I’m alone again on Christmas day. I’m sitting in a hotel room thousands of miles from my family waiting for their video call so I can watch the kids open their presents. It doesn’t sound like much of a Christmas, but in some ways, the solitude has helped me reconnect with the real meaning of Christmas.
When did we begin to expect so much from the Christmas season? When did Christmas become a time to outdo your neighbor with synchronized lights and oversize inflatable lawn ornaments? What happened to simply gathering around the piano with your family and singing Christmas carols? Nowadays simply putting up a tree and sending out a few Christmas cards isn’t enough. We have to decorate the house with hundreds (or sometimes thousands) of lights. We have to put up the perfect tree adorned with properly spaced ornaments of matching colors. We have to erect an entire Dickens Christmas village that takes over the entertainment center. We have door hangars that make noise and jingles bells every time the door is opened. We have life-sized Santa dolls that dance and sing to popular Christmas tunes. We even have costumes for our dogs. Decorating for Christmas is an event unto itself.
Next, we bury each other in treats. We get plates of cookies, fudge, and toffee. We get cheese balls, popcorn, and homemade salsa. We get muffins, cupcakes, and fresh bread. We get candy, fruitcake, and hot chocolate mixes. We are inundated with scrumptious morsels of all types. Every time the doorbell rings, we all get excited to see what special treat our friends and neighbors are dropping off. Unfortunately, I can’t possible run enough miles to keep from gaining ten pounds from all the goodies.
In return, our family makes Christmas jelly, a bright red cranberry/raspberry spread that makes even the plainest bagel look like a Christmas treat. We have to start stocking up on jars in October, and buy several pounds of sugar just to meet the demand. We set aside a night or two on the calendar for production. We bring the mixture of juice and pectin to a rolling boil, and then add a mountain of sugar. We fill jar after jar with the hot syrupy mixture until we have cases of little red jars stacked and ready for delivery. Then we listen to the popping sound of the well-sealed lids. My wife puts special labels with holiday wishes on each of the lids. We have to guard the stuff so the kids don’t eat it all themselves.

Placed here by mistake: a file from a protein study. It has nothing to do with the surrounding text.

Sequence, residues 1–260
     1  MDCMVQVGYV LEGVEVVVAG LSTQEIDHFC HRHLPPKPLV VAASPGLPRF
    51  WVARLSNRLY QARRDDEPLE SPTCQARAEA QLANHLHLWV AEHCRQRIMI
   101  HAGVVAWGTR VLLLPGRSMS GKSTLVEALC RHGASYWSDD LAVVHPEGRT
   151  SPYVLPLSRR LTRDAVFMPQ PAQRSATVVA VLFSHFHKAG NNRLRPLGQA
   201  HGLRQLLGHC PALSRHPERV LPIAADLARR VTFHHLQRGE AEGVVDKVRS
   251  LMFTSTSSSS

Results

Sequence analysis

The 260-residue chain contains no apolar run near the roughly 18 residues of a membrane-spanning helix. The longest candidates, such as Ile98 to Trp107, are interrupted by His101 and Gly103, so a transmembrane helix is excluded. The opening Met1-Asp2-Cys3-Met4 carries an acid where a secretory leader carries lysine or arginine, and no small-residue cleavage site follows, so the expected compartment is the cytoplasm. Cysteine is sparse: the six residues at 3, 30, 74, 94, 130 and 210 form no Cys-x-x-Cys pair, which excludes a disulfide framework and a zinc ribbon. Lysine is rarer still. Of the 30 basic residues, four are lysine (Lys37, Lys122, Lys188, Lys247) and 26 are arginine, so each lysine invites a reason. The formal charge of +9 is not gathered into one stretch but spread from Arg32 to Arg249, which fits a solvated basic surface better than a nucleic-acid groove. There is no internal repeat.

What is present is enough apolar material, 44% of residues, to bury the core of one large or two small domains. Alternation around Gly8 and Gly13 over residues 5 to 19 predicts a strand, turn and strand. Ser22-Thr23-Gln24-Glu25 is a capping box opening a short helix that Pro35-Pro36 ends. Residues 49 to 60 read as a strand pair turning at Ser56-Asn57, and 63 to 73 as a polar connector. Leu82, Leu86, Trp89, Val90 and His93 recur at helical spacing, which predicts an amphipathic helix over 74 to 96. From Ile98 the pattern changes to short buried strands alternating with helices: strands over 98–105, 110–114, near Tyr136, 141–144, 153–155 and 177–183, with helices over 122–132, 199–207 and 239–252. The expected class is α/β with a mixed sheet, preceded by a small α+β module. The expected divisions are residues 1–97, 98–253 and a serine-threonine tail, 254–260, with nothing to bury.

Ah Christmas! It’s the most wonderful time of the year, right?
This year the frenetic pace of things didn’t put me into the Christmas spirit. The Christmas season is always a busy time of year in the travel industry, and this season, I worked a lot. Because I was working a lot, and my wife was not at her usual superwoman strength, we struggled to get everything done. We put up the tree and a couple of nativity scenes, but passed on the Dickens village. We passed on the Christmas card because we could never find the time to get a photo of the entire family. I never could find the time to hang all of the lights and too cheap to hire professionals, I hired my fifteen-year old son to hang them. Due to several days of unusual rain, a myriad of broken lights, and his inexperience, the lights don’t quite look the same this year. I had to be satisfied with half-hung Christmas lights.
Since I was going to be gone Christmas Eve and Christmas day, I hurried to finish shopping, wrapping, and stuffing stockings before I left for a four-day trip on the 22nd. Instead of feeling a sense of sadness as I left the house, I felt a sense of relief. I was leaving behind the stress of Christmas.
Now, in the solitude of my hotel room, I miss my family, but I have had time to reflect on the story of Christ’s birth and its significance. I have put aside all the worldly trappings that worry us and make the season stressful. I have reread the Christmas story found in the Holy Scriptures. I have enjoyed a friendly Christmas breakfast with coworkers. I have quietly reflected on the love I have for my wife, my children, and my extended family. I have felt the spirit of Christmas.